Even now, there are scores of advisers in and around Mr Clinton's camp working on a radical programme to revamp the economic bureaucracy in Washington, encompassing everything from the Treasury to the White House. There are as many variations as there are advisers, but the central task is to create a White House based Economic Security Council, designed along the lines of the National Security Council but broader in scope and mandate.
Most plans propose an Economic Security Adviser based in the White House and available to the president at all times. He or she would play a role slightly more important in a Clinton administration than that of the current National Security Adviser, Brent Scowcroft.
Beyond the creation of an 'economics tsar', the various proposals seem to diverge on to two tracks. One plan is based on a lean but powerful White House Economic Security Council that would have authority to set policy for the dozens of federal agencies, including the Treasury, that now oversee economic and trade policy.
The other track is far more radical and is based on the assumption that the US federal bureaucracy is much too big, inefficient and lethargic to oversee a national economic revitalisation plan.
The intention is to break down the bureaucracy by cutting its size and revamping its myriad parts.
The goal would be to create a US counterpart to Japan's Ministry of Industry and Trade that would reinvigorate US industry and technology. This might be complemented by a National Infrastructure Corporation, similar to that proposed by Senator Daniel Moynihan to oversee public works investment.
Last week, while Mr Clinton prepared for his second presidential election debate, small teams of advisers were meeting to put flesh on the bones of his strategy to invest in people and infrastructure. The aim would be to announce an ambitious 100-day economic revitalisation plan, complete with details, the day after inauguration.
Of course, it is too early to say whether Mr Clinton will be elected or if he will actually implement these programmes. But it is fair to say that he was thinking along the lines of an economics tsar well before President Bush announced that he would appoint James Baker to play such a role if re-elected.
Last week, following the first presidential election debate, Mr Bush effectively tossed out his entire economic team in a desperate attempt to re-energise his policies and distance himself from past mistakes.
Passing around the blame for dismal US economic performance has been a favourite Washington sport for months, but Mr Bush's call for wholesale resignations was the culmination. Taking the most criticism was Richard Darman, the director of the Office of Budget and Management, who has been virtually disowned by the new Bush White House, becoming something akin to the 'Darth Vader' of policies gone wrong. Even Mr Baker, a former supporter, has turned against the once-powerful budget director, who is now little in evidence.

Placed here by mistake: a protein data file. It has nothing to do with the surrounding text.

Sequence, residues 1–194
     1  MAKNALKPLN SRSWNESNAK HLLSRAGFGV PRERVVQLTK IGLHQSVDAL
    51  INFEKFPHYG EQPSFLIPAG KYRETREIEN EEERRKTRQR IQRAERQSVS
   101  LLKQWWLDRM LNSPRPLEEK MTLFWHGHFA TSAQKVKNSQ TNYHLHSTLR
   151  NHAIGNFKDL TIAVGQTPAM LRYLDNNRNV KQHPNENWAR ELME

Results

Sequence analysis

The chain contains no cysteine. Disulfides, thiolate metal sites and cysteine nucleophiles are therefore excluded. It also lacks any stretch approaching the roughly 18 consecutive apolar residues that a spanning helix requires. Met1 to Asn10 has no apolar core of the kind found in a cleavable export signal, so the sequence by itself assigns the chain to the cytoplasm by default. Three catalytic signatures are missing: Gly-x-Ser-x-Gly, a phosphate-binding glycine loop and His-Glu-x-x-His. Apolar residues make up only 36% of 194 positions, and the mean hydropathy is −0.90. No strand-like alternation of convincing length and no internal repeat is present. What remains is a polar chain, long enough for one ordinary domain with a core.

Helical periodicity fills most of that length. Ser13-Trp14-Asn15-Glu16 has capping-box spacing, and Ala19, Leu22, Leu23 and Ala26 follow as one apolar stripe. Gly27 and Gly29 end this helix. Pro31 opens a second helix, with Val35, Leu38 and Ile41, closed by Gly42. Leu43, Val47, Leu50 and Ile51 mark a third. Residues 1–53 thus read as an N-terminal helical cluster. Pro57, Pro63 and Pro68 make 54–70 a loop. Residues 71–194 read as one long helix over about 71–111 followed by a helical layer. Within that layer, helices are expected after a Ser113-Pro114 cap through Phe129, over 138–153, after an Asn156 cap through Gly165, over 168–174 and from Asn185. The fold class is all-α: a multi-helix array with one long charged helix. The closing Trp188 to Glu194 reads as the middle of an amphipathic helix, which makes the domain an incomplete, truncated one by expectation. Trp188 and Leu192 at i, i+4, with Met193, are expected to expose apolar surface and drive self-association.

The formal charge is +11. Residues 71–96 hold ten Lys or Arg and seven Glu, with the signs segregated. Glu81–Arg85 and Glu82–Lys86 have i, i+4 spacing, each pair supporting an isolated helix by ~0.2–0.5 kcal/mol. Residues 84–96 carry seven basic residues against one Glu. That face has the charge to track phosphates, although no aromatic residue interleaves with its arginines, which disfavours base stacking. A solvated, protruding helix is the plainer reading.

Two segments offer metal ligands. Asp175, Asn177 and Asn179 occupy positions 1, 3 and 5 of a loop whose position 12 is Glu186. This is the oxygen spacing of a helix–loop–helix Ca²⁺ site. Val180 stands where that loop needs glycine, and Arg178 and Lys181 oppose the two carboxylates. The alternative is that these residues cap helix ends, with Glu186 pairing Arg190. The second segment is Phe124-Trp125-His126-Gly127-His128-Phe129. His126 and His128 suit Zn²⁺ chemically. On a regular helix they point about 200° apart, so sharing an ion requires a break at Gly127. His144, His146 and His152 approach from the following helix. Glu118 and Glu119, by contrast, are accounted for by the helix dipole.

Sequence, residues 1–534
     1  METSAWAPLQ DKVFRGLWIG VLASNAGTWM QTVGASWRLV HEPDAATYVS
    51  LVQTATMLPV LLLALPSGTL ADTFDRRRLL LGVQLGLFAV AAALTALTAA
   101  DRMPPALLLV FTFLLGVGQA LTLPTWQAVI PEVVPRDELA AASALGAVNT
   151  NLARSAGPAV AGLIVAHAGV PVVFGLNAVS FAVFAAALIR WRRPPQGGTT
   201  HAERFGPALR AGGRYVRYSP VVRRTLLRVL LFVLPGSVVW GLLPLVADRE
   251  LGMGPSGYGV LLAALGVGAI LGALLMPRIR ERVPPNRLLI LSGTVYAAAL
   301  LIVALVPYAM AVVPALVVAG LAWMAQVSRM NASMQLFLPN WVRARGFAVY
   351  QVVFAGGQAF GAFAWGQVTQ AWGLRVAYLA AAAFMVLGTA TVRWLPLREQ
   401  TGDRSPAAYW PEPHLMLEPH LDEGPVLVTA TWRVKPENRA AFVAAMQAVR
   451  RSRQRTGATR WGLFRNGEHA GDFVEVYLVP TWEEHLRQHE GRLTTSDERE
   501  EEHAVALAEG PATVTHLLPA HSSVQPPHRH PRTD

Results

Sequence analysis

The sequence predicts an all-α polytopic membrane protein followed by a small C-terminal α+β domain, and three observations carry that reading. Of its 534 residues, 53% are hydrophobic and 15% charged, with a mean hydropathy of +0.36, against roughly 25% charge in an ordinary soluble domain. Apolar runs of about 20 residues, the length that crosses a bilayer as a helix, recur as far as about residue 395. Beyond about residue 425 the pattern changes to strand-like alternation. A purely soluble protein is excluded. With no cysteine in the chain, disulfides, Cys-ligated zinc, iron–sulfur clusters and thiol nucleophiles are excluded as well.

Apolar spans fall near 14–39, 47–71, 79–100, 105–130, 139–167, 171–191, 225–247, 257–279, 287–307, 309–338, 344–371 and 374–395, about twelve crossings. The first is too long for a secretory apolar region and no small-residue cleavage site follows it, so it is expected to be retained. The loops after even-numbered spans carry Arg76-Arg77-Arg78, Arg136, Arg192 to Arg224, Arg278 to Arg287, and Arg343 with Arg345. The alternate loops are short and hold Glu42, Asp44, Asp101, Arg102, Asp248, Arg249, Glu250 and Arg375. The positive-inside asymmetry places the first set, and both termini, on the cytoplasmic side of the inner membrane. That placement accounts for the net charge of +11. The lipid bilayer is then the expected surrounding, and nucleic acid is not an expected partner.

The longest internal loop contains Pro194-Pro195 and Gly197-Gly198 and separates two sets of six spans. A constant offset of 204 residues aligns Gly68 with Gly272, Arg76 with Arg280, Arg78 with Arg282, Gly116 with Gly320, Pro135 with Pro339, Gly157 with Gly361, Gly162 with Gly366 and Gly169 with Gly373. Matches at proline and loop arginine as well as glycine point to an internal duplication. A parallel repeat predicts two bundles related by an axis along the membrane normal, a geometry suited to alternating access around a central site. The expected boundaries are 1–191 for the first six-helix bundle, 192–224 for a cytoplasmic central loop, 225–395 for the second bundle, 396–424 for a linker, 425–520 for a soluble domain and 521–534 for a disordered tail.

Some time before the third and last presidential election debate on Monday, Mr Baker is expected to unveil a new second-term economic strategy for President Bush that would have enough weight and substance to counter Mr Clinton's proposals. He has already delayed the announcement once, amid speculation that there will be a second delay as Mr Baker's team struggles to pull something new and dramatic from the hat.
Up to this point, the Bush Administration's strategy has been to play up sound programmes that the President has been unable to push through Congress, and to ask for four more years to implement them. The rabbit from the hat was meant to be an 'October Surprise': a formal agreement in principle on agricultural reform between the US and the EC. This would allow the Uruguay Round of trade talks to go forward, so demonstrating Mr Bush's strong foreign policy skills. This may still happen, despite French reluctance and thanks to the British presidency, which has worked closely with the Bush Administration. But it is unlikely to be enough, so Mr Baker has a formidable task.
The one certainty in either a Clinton or Bush presidency is that domestic matters will be the priority in the first year. Healthcare, education reform and ways to jumpstart the sluggish domestic economy are the issues that a new president will have to tackle. The one issue that is most likely to lose steam in the first year is deficit reduction. Neither camp is now convinced that the economy is strong enough to withstand the harsh medicine that is required.